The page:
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Hi,
I have this array :
C++
`BYTE set[6] = { 0x15, 0x12, 0x84, 0x03, 0x00, 0x00 }`
and i need to insert this value : int Value = 900; ....on last 4 bytes. Practically to convert from int to hex and then to write inside the array...
Is this possible ?

I already have "BitConverter::GetBytes" function, but that's not enough :(

Thank you,
Posted
Comments
pasztorpisti 11-Jul-13 12:16pm    
If we assume that int is 32 bit then we can say *(int*)&set[sizeof(set)-sizeof(int)] = Value;. This is ugly but if you want to do this...
Dholakiya Ankit 13-Jul-13 5:30am    
int value = 900;
BYTE* pValue=(BYTE*)&value;

To convert an int to 4 bytes, you do not need to go through hex :


2 solutions,
1) use your int as a byte array :
C++
int value = 900;
BYTE* pValue=(BYTE*)&value;
//pValue[0], pValue[1], pValue[2] & pValue[3] will contain the 4 bytes.


2) use shift on your int in a loop :
C++
int value = 900;
int tmp=value;
for(int i=0;i<4;++i)
{
  initialized_byte_array[i]=(tmp& 0xFF);
  tmp=tmp>>8;
}

The tmp var is used to keep value intact.

with
C++
#define BYTE unsigned char

or
C++
#define BYTE char
 
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v2
Comments
lewax00 11-Jul-13 12:32pm    
I think that covers most of the options, +5.

I'm a little hazy on the details, but could you also use a union for this?
Pascal-78 11-Jul-13 15:21pm    
the union could be :
typedef union { int ivalue; char bvalues[4]; } theUnion;

theUnion v;
v.ivalue; // To Get or Set the int value
v.bvalues[0 to 3]; // To Get or Set the byte values
vmvictor 11-Jul-13 13:45pm    
Ok, i have fix it :)
Great job Pascal-78, was so simple and i lost 2 days reading all over :))
One more lesson learned .
Thank you,
vmvictor 11-Jul-13 14:18pm    
If i want to put this "int value = 900;" into ""cout << 'enter your value' <<endl; - cin >> value"....i need a function for this too ?
Pascal-78 11-Jul-13 15:15pm    
You're right, to let the user enter the value, you just need to have the value variable declared as an int and use the instructions you mentioned :
int value;
cout << "Enter your value" << endl;
cin >> value;
I have two solutions which are based on the copying the contents ... so please check if it suits to your purpose...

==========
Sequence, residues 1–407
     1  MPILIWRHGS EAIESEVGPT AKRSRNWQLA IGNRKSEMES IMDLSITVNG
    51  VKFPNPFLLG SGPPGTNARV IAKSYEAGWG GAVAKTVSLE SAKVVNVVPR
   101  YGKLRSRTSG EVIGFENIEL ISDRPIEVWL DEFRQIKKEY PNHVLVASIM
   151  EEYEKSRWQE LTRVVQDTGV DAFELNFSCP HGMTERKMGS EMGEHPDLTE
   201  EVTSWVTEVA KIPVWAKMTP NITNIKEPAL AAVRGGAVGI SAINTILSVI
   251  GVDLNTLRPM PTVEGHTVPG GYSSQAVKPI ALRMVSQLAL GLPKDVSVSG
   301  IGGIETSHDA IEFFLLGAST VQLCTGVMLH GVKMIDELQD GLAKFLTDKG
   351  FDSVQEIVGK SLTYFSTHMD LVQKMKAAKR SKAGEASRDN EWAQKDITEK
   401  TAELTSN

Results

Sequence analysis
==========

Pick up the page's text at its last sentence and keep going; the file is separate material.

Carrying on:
Solution 1

You can use stringstream for this purpose.
What you will need to do is ... write it once .... and read it 8 times....

Pseudo code will be like this
C++
int value=900;
stringstream stream;
stream.write( (char*)&value, sizeof( value ) );   ///Writing it once

BYTE bytes[4];
for ( int i = 0; i < 4; i++ )
{
   stream.read( &bytes[i], sizeof( BYTE ) );

} 
Solution 2
Second solution is ..... copy whole memory to the byte array

C++
int value=900;
BYTE bytes[4];
memcpy( bytes, value, 4 );
 
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Comments
vmvictor 12-Jul-13 10:16am    
I already found the solution...posted by Pascal-78, but thank you for your solution.

Now, i have a new problem and i will post it soon :)
vmvictor 12-Jul-13 11:40am    
Hi again :)
I have a new problem now...i discovered that i need 2 values not just one, to make it work.
When i press a key, the program must switch between this two values.
With switch case, or with (GetAsyncKeyState(VK_TAB) & 1) is the best to do it ?
And is this function working in this case ?
Posted by Pascal-78 : int tmp = atkSpd; for(int i=6; i<10; ++i) { byt[i] = (tmp & 0xFF); tmp = tmp >> 8; }
Or i need something else to get the job done ?

Thank you,
I prefer this approach - entirely with pointers and casting. This lets the compiler do all the work and removes the need for byte copying. It will work no matter what the size of set or int.
This will always put the int value at the end of the BYTE array. Reading back is just the inverse.
To be completely robust there should be a check that set is large enough for an int.


C++
typedef unsigned char BYTE;

BYTE set[6] = { 0x15, 0x12, 0x84, 0x03, 0x00, 0x00 };

int inValue = 900;

// Write
* ((int *) (set + (sizeof(set) - sizeof(int)))) = inValue;

// Read
int outValue = * ((int *) (set + (sizeof(set) - sizeof(int))));


In reply to additional question:

C++
BYTE set[16]={0xC7,0x80,0xEA,0x04,0x00,0x00,0xB0,0x04,0x00,0x00,0x8B,0xE5,0x5D,0xC2,0x08,0x00 };

// Write
* ((int *) (set + 5)) = inValue;

// Read
int outValue = * ((int *) (set + 5));


Read up on pointers. Also if you run this code in a debugger you can verify that it works.
 
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v4
Comments
vmvictor 13-Jul-13 1:14am    
And how this function can modify only the 6th,7th,8th,9th bytes from this array : BYTE set[16]={ 0xC7,0x80,0xEA,0x04,0x00,0x00,0xB0,0x04,0x00,0x00,0x8B,0xE5,0x5D,0xC2,0x08,0x00 }; ?
[no name] 13-Jul-13 3:28am    
Have added to the answer.
vmvictor 13-Jul-13 5:45am    
Returns value = 0 ......
[no name] 13-Jul-13 10:04am    
That statement makes no sense. I have done you the courtesy of answering an extra question. Where's your code?
vmvictor 13-Jul-13 13:48pm    
BYTE atkByt[30] = { 0xC7,0x83,0x1A,0x05,0x00,0x00,0x00,0x00,0x00,0x00,0x48,0x8B,0x74,0x24,0x40,
0x48,0x8B,0x6C,0x24,0x48,0x48,0x8B,0x5C,0x24,0x50,0x48,0x83,0xC4,0x58,0xC3 };

int tempA = atkSpd; for(int c=6; c<10; ++c) { atkByt[c] = (tempA & 0xFF); tempA = tempA >> 8; } // Write 8 bytes starting with 6th position from left to right. (solution posted by Pascal-78 earlier). Thank you,

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